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Downshift to pass? Could someone explain?

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Old 06-15-2012, 03:06 PM
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Default Downshift to pass? Could someone explain?

Hi All,

I've been getting some solid advice on here, thanks so much! I have another question. I came across a previous thread where a commenter mentioned downshifting to pass another vehicle, or for instances when you need that extra oomph to avoid something. Is this if you're in 6th only? Sorry if this is a dumb question, I had until seeing that assumed the higher the gear, the more power/speed available to you. Could someone explain this? I've tried looking for other threads about it, but can't find anything.

I'm still new and not planning to try this anytime soon, just want to understand it. Thanks!
 
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Old 06-15-2012, 04:43 PM
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the rpm's suited for cruising are not the same rpm's best suited for acceleration. this applies universally, not just to motorcycles -- ever notice when you floor an automatic car that it downshifts? there's 2 reasons: 1) the power curve for motors gives greater power at the higher end of the rpm band 2) the lower gear's ratio provides a better rpm-to-final-drive ratio for quick acceleration.
 
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Old 06-15-2012, 06:28 PM
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Or in Texan English: my f4i pulls harder at 11k rpm than 5k rpm.

So say im cruising at 7k rpm in 6th and need to get outta dodge fast. I have 2 choices:
  • Go wide open throttle and climb to 11k rpm
  • Drop down a gear or 2 and instantly land around 11k rpm
 
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Old 06-16-2012, 10:34 AM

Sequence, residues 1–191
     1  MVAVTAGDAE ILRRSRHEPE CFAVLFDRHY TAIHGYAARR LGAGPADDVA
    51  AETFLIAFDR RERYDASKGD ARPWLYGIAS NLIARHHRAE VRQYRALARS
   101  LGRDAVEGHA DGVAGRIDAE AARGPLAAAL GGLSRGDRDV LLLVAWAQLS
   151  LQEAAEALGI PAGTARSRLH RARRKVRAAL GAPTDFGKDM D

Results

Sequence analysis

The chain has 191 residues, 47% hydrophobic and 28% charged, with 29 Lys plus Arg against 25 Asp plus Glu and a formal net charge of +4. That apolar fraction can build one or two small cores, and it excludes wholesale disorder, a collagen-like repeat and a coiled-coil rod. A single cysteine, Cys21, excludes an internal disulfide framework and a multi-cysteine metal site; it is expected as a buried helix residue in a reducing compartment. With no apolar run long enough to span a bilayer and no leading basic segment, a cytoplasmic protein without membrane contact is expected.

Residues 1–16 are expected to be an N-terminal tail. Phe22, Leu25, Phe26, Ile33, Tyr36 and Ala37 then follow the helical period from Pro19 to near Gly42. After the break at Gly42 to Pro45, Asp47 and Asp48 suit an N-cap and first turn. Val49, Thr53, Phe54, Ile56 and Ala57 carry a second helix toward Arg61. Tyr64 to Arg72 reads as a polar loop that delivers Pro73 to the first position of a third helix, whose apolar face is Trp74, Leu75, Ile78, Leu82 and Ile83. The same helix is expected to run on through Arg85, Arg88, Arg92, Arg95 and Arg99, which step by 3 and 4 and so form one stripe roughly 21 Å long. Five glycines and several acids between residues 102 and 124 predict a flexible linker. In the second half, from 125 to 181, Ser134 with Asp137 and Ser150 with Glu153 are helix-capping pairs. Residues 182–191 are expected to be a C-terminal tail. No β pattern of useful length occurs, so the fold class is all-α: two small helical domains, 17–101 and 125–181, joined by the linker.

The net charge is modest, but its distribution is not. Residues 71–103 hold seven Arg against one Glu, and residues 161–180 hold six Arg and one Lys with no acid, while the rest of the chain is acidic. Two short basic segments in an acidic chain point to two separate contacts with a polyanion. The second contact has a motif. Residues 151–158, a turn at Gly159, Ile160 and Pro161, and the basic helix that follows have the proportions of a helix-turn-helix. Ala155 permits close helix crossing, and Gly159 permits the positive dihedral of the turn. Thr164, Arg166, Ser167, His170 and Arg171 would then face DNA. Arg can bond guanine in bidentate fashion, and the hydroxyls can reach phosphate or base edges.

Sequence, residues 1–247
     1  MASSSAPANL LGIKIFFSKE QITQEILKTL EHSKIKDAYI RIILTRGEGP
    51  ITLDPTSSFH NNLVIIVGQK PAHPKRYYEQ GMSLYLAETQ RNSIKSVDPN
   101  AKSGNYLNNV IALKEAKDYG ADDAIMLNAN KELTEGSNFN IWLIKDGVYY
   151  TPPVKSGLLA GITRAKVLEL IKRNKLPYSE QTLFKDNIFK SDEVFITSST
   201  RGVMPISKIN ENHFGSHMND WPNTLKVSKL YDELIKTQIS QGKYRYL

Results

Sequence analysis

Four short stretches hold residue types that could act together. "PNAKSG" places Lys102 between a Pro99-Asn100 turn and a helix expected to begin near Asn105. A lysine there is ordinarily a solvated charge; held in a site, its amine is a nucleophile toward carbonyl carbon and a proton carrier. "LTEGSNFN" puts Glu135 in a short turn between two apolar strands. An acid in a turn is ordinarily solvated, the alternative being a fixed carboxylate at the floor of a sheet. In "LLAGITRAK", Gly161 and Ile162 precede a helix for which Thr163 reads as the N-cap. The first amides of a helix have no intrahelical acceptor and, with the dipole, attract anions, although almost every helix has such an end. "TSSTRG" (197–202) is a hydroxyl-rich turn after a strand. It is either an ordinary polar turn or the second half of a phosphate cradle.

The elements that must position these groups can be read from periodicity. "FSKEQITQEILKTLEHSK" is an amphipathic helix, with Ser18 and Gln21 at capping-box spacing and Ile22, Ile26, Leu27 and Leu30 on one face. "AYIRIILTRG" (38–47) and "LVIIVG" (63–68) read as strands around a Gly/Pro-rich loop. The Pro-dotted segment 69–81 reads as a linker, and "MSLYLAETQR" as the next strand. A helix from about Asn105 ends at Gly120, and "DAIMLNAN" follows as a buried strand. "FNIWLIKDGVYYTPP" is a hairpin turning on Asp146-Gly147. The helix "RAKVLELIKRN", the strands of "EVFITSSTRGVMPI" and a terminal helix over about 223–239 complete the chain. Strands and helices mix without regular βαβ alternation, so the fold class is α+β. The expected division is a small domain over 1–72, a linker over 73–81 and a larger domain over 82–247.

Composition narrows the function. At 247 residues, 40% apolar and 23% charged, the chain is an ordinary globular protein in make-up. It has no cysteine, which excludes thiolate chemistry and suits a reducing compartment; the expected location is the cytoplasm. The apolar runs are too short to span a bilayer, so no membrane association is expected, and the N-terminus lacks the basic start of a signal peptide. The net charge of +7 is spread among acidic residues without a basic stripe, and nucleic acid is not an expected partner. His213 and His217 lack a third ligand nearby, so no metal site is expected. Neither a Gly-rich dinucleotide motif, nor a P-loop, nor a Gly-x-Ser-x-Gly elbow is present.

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Awesome thanks guys. That does make sense. And I've felt that in my car, but never actually paid attention to the cause of it.

I'm going to try that in a parking lot and see what it feels like! There's a big flea market parking lot near me that's abandoned mid week - it's been great for practicing
 
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Old 06-20-2012, 08:58 PM
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with an inline 4, i like to always be at least 5K rpms on the street. easier to get out of situations.
 
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Old 06-30-2012, 01:09 AM
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look at it this way... if you take off from a stop in first gear, you get up to speed pretty quick.. but if you try to take off in second, or even third, it takes a whole lot longer to get there.

and yes... i do occasionally take off in second or third when ive got a cop on my rear, as my exhaust is a bit loud when i get above 5k. and i also double shift then too.
 
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Old 06-30-2012, 08:09 AM
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I've tried taking off from a stop in second gear once by accident because I didn't realize I hadn't downshifted all the way to first. I stalled it of course. I didn't realize you could actually take off in second without stalling it. Maybe I didn't give it enough gas as I let the clutch out?

I haven't had a chance to try the downshifting to get into the powerband yet but I did get a little feel for it by accident the other day. I downshifted as I was coming up to a street to turn off onto and I think I was in fourth. When I shifted to third I felt it surge and the rpms shot up toward the redline. Is that basically it?
 
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Old 07-01-2012, 07:17 AM
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well, if you were off the throttle when you felt the surge, and it made you slide forward into your tank, then you just experienced engine braking. downshifting while slowing down is another way to slow your speed faster with less use of the breaks. but you still always want to remember to use your brakes so people see your brake light and know you are stopping.